Q: What is the policy on transporting the bodies of soldiers killed overseas?
A: DoD policy is that all remains of servicemembers killed overseas during contingency operations will enter the United States via the Port Mortuary at Dover AFB. Once they go through the mortuary, they are transported to their final destination via commercial airlift or by hearse if within close distance to Dover AFB .
Q: Do all of them come through Dover first?
A: Yes, the port mortuary is the first stop in CONUS for all remains coming from OEF and OIF. (The procedural guidance has not changed about going to meet the remains of loved ones at the mortuary in Dover. We military continues to discourage families to go to the mortuary.)
Q: Is it policy to put the bodies on commercial flights once they arrive in the U.S.?
A: Yes, remains departing the port mortuary at Dover will be transported by commercial flight. Before any remains leave Dover, port mortuary personnel coordinate with the receiving funeral home to arrange that the remains will be met at their final destination.
Q: Does it depend on the area? It seems, in this case, that a military flight to San Diego shouldn’t have been too difficult to find.
A: The final destination of servicemember remains is not a factor. We’ve arranged transport for over 2300 OEF and OIF casualties. In every case, the transport was arranged in advance and the funeral home was available to receive the remains.
Q: Is there concern that transporting the bodies in this way is seen as disrespectful?
A: Not at all disrespectful, commercial airlines have historically been able to bring our fallen heroes home more quickly than if moved aboard military airlift. This method of transport is the same as that used to transport civilian remains, with the difference that in every case, the grieving family has the assistance of a casualty assistance officer and the port mortuary ensures that the remains are met.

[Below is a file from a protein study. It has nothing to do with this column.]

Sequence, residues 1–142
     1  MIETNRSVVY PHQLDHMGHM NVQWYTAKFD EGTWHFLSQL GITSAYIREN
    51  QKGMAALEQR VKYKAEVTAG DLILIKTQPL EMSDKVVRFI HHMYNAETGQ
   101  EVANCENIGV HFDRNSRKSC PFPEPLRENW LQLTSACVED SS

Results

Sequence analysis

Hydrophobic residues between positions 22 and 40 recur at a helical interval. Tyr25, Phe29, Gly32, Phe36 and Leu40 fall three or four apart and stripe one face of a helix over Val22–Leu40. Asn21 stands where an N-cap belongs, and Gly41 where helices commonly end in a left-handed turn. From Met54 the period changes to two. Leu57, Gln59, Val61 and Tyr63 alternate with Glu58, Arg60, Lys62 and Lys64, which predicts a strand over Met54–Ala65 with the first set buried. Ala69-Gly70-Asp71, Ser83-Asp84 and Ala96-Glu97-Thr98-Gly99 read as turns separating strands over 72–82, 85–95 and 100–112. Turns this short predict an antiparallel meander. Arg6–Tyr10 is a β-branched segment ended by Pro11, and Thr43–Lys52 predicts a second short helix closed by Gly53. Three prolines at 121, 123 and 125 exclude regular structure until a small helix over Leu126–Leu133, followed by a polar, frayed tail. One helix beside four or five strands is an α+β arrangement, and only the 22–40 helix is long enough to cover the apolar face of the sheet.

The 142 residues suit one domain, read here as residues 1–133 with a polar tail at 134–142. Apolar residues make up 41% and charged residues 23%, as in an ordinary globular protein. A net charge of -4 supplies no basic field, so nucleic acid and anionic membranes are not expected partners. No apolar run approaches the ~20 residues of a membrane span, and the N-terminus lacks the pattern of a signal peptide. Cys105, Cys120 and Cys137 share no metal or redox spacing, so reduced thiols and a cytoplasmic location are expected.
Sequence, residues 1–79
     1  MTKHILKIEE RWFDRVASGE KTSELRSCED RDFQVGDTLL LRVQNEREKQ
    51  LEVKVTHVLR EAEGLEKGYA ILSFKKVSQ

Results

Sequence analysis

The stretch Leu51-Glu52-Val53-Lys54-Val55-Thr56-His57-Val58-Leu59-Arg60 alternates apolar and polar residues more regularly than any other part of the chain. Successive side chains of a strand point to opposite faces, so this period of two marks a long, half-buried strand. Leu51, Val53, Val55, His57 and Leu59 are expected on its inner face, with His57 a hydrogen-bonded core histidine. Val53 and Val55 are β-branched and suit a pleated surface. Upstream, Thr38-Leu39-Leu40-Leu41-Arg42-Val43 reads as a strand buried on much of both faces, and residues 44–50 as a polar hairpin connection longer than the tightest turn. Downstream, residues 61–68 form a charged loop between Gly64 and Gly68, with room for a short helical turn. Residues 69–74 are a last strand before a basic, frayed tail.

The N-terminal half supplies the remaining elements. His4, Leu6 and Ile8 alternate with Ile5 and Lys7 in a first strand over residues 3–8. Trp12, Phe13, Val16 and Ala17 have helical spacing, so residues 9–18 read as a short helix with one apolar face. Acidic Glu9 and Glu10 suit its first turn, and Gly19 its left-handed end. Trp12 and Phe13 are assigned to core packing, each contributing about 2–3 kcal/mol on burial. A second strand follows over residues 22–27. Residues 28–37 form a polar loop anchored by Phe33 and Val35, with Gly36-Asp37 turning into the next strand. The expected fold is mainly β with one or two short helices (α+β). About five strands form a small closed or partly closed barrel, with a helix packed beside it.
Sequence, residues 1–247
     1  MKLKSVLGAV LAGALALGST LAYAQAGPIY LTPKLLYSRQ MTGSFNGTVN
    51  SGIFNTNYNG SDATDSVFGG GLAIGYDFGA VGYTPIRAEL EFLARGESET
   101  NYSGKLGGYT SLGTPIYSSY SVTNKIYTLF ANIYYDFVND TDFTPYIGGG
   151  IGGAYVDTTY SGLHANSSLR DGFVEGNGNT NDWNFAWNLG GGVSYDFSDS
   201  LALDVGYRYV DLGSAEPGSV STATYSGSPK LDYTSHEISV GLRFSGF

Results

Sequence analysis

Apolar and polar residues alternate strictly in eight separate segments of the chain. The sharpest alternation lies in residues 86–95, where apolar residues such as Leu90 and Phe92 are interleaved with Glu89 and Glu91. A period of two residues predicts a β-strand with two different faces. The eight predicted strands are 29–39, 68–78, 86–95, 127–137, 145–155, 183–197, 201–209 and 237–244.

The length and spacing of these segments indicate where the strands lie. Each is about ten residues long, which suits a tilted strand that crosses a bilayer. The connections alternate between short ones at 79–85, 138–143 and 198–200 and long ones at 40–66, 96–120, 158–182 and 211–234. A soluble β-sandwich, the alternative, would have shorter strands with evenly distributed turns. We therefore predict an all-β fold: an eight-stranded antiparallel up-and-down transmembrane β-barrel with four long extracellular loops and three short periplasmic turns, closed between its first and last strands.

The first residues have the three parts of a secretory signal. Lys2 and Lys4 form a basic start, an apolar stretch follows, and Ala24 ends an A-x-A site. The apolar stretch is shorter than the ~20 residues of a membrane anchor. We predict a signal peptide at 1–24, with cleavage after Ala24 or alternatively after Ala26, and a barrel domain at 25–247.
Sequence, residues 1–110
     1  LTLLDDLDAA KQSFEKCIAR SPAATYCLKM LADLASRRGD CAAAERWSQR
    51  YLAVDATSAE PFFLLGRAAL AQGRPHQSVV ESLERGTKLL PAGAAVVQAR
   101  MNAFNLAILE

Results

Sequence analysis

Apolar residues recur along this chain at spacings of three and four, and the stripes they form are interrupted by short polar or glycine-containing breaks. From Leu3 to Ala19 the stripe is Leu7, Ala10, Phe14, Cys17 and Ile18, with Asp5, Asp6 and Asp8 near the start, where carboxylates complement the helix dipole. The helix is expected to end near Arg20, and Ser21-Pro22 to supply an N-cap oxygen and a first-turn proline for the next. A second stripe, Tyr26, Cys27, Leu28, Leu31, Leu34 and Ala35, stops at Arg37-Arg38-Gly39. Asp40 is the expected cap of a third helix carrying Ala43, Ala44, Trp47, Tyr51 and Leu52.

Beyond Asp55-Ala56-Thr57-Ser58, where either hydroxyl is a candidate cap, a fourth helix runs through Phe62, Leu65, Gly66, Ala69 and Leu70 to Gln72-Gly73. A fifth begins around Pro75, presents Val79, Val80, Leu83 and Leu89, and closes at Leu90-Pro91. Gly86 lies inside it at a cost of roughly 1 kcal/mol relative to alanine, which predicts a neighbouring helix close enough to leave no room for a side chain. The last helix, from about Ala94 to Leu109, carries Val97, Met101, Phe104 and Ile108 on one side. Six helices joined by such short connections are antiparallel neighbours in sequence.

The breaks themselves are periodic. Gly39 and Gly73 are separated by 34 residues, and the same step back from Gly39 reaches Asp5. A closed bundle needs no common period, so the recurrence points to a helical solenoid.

Q: Do they all have an escort from Dover home?
A: Yes, either a service member, or in some cases, members of the deceased family may escort the remains to the final destination.
Q: What is DoD policy for escort of remains?
A: There is specific policy that each military service has requiring an escort from Dover AFB to the final destination. Each case is handled separately. In most cases, the remains travel in a transport case designed to protect the casket.
Q: Do the caskets arrive with a flag?
A: Yes, the escort typically carries the flag during the flight, and the flag is draped over the casket upon arrival and during transportation to the funeral home.
Q: What is the role of the casualty assistance officer with regard to the transport of the remains, does he get it to the funeral home, etc.?
A: A Mortuary Affairs Officer assists the family by coordinating the movement of the deceased person from the Dover AFB Port Mortuary to the funeral home the family will use. Both the Mortuary Affairs Officer and the Dover AFB Port Mortuary staff coordinate with the receiving funeral director.
Much thanks to MAJ OCPA Nathan Banks at the Pentagon for this information.
Casey Sheehan, your sacrifice is not forgotten. Rest in Peace.
Update 1: (Tuesday 4:00 PM CST) Bob in St. Louis wrote in with this news…Via Lucianne…
The Vacaville funeral home owner is very upset!
From the The Reporter from Vacaville, California:
A Vacaville funeral home owner took exception to “Peace Mom” Cindy Sheehan’s allegation that his mortuary did not fulfill its duties after her son Casey was killed in Iraq in 2004.
In her blog last week, Sheehan wrote that the mortuary had refused to pay the cemetery as it was supposed to. Steve Nadeau, the mortuary’s owner, said Monday that not only did he properly pay the cemetery, but that he subsidized the process with his own money.